What are the chances of a Conservative victory in the next federal election constitutionally due by 2020?
Can a post-Harper rebound of the Conservative movement manage to cloud out the sunny ways in Justin Trudeau’s Liberal galaxy in the coming four years?
Last weekend, the Conservatives held their national convention in Vancouver, beginning their painful journey on the road they hope will return them to power in Ottawa. And despite the very unpleasant, open and frank exchanges that took place, the general tone was quite upbeat, especially towards the end of the convention.
As is to be expected, the final destination sought in that journey is the return to power. But no effort was made in Vancouver to hide from the fact that two inter-related milestones must be reached if the the long and uphill trek is to be successful.
Uppermost in the minds of delegates was the matter of electing a new political leader, even though the actual voting for this post is scheduled for May 2017. There was no open discussion of this and little blatant campaigning by declared and potential candidates. But everyone knew it is the most important strategic factor in the future electoral fortunes of the party.
The other major concern was the key objective of rebuilding the party’s policy platform and re-engineering its political image in order to make the party more attractive to voters at large, beyond its base supporters.
With that objective at the centre of the convention’s broader agenda, only one policy change was formally adopted: the party’s official definition of marriage as a union between a man and a woman was amended to allow for same-sex unions.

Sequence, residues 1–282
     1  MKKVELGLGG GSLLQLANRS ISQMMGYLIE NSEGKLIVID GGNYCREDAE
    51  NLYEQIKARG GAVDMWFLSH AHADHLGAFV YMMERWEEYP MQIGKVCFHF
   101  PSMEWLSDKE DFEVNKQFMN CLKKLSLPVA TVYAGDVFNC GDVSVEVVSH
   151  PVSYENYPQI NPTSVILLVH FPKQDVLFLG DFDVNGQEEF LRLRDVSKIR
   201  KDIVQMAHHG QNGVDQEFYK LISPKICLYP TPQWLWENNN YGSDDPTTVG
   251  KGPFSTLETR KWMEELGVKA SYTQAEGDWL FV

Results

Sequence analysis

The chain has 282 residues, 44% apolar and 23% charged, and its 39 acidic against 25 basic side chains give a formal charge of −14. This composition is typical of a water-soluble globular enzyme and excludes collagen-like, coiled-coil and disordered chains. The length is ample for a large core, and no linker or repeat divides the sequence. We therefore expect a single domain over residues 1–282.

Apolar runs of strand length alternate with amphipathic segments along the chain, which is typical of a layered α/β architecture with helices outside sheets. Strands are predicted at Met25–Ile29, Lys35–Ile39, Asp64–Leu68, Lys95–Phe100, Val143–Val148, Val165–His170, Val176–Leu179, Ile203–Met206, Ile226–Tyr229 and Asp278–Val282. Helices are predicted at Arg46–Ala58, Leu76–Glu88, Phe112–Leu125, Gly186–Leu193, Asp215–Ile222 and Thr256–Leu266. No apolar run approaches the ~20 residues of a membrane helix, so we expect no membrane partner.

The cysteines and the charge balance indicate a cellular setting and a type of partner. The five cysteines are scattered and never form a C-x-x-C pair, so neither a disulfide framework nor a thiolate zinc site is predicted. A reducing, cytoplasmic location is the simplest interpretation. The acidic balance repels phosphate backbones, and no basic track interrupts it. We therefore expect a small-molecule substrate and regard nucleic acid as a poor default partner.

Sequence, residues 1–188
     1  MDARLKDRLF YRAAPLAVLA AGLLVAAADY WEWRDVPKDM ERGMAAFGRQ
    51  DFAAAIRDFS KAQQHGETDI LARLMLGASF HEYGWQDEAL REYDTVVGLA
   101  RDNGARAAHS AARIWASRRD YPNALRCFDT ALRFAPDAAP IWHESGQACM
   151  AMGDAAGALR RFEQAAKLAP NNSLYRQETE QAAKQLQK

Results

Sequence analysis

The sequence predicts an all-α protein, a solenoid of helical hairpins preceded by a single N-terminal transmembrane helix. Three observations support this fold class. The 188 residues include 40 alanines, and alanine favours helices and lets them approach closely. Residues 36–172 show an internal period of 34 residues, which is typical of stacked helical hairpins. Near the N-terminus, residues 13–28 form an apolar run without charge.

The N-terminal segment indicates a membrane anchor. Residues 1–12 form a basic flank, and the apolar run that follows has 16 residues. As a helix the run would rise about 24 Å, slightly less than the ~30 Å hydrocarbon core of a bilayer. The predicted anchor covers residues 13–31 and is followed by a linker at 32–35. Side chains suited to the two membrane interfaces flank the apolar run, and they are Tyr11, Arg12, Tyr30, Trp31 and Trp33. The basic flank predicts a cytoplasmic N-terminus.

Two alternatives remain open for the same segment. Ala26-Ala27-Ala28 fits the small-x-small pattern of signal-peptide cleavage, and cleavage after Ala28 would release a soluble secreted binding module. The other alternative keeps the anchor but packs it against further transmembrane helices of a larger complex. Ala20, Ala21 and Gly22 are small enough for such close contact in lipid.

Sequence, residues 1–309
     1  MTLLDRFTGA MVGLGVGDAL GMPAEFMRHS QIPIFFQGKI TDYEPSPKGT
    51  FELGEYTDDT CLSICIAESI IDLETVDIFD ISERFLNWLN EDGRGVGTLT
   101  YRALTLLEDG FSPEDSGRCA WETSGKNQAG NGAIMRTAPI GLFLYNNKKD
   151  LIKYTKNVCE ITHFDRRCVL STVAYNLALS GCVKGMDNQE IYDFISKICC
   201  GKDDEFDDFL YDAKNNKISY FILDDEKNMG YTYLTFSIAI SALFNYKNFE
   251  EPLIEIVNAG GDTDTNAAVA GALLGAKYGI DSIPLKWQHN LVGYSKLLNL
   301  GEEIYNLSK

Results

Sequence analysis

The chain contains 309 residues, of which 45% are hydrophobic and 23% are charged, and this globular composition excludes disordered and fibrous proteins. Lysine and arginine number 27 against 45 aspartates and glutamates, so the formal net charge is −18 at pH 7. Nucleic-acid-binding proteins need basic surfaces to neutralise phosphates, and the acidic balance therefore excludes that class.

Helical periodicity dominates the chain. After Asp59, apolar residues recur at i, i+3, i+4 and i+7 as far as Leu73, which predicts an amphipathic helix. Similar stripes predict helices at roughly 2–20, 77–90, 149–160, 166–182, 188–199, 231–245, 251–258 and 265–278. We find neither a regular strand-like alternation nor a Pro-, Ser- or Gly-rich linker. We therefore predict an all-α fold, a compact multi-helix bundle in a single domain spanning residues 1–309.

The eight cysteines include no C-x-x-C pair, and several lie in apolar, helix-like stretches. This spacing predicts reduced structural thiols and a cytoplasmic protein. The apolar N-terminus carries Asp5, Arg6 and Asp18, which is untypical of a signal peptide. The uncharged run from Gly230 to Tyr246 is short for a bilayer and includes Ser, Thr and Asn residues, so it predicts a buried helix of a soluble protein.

That was a noteworthy demonstration of greater flexibility in the Conservatives’ traditionally hostile attitude to the full range of human rights enshrined in our constitution’s Charter of Rights and Freedoms.
Another good sign in that same direction was the positive reaction of a significant number of participants to the moving expression of distress and extreme disappointment laid before the convention by a Muslim delegate. Unuruzurum Heer complained bitterly about the vicious attacks against her Muslim community by the Harper regime in the long months preceding the 2015 election.
Similarly, long before the convention, a former minister in the Harper cabinet had publicly admitted her discomfort and remorse for her role in announcing the creation of a dedicated hotline for persons to report “culturally barbaric” practices. The announcement was one of many cases of subtle but unspoken demonization of Muslims and their culture.
Together with the more blatant and explicit demonization of all things Muslim, this anti-Muslim strategy was meant to create a climate of fear and insecurity aimed at scaring voters in Quebec and elsewhere so that they would vote for the “law and order” government of Stephen Harper. Such practices as the wearing of the veil (the niqab) were maliciously portrayed as being evil and representative of a terrorist religion and a terrorist culture that were allegedly threatening the safety of all things and persons Canadian.
The delegates and the Conservative party leadership at the convention were therefore forced to face up to the fact that their anti-Muslim strategy backfired and, along with many other failures, led to their crushing defeat in 2015.
But no commitment was made, even in such tense moments of the convention, to change those sad features of the party’s conduct.
In those circumstances, the Conservative party did not emerge from its convention in Vancouver with any tangible commitment to become more inclusive in its operations and its policies.
More specifically, the Conservatives will remain vulnerable to accusations of racism and xenophobia in general, especially in their immigration and citizenship platform and in their positions on foreign policy issues. The consensus among political analysts seems to be that a significant Conservative rebound is unlikely to happen anytime before the end of the second consecutive term of the Justin Trudeau Liberals, around 2025.
It is difficult to disagree with this prognosis.